In Texas, a former Confederate soldier named Albert Parsons emerged as a radical supporter of the Reconstruction acts in his newspaper the Spectator. He was “regarded as a political heretic and traitor” and “incurred thereby the hate and contumely of many of my former army comrades, neighbors, and the Ku Klux Klan.” Parsons left Texas… Continue reading From confederate soldier to working-class martyr
I believe our stories are important, even as I’ve believed that my particular story wasn’t really all that important. But, I thought I’d share anyway.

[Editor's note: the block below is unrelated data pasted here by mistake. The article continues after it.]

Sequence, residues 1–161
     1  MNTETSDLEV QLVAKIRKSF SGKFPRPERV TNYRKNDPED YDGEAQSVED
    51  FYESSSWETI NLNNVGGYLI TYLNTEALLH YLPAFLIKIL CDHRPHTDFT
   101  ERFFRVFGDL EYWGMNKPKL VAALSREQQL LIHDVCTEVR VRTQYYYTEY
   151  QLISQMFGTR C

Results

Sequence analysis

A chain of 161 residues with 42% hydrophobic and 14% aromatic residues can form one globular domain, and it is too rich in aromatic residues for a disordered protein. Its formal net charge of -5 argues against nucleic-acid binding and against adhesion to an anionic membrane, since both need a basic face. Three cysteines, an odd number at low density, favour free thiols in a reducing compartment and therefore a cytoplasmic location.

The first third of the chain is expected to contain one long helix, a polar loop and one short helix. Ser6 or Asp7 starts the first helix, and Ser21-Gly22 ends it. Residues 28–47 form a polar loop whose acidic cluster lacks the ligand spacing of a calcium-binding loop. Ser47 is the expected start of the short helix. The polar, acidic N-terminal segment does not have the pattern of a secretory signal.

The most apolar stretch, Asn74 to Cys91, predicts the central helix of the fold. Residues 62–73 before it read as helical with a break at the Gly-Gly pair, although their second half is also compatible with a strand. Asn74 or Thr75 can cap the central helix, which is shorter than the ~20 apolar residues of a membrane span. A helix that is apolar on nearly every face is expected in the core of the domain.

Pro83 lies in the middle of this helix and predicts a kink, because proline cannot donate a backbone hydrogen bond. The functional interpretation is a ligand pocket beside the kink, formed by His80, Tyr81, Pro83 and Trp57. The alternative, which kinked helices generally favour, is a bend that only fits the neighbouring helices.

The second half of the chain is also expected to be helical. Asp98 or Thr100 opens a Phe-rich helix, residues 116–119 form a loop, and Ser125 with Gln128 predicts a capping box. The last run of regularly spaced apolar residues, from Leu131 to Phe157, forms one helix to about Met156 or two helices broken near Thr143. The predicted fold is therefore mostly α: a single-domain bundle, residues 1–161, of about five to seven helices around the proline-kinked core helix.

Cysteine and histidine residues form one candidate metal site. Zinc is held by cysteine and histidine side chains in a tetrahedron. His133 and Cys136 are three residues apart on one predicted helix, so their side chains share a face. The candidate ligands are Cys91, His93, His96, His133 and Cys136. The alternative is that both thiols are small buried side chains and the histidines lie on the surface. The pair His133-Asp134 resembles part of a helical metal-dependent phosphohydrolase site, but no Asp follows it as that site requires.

Convinced of impending slave-revolts, stirred by incendiary white abolitionists, slaveowners saw all their nightmares confirmed in a daring interracial insurrection during the fall of 1859.
“I’m here to integrate this joint.”1 That’s how three-time heavyweight boxing champion, Vietnam War resister, and Black Muslim A short clip from the introduction to the chapter "Everything but country":
"Muhammed Ali explained his presence to an unlikely gathering in Nashville, TN in 1979."
A movement—and a moment—has made it possible for breakthroughs on the question of racism in the US working class, even among white workers typically suspect of deep racism.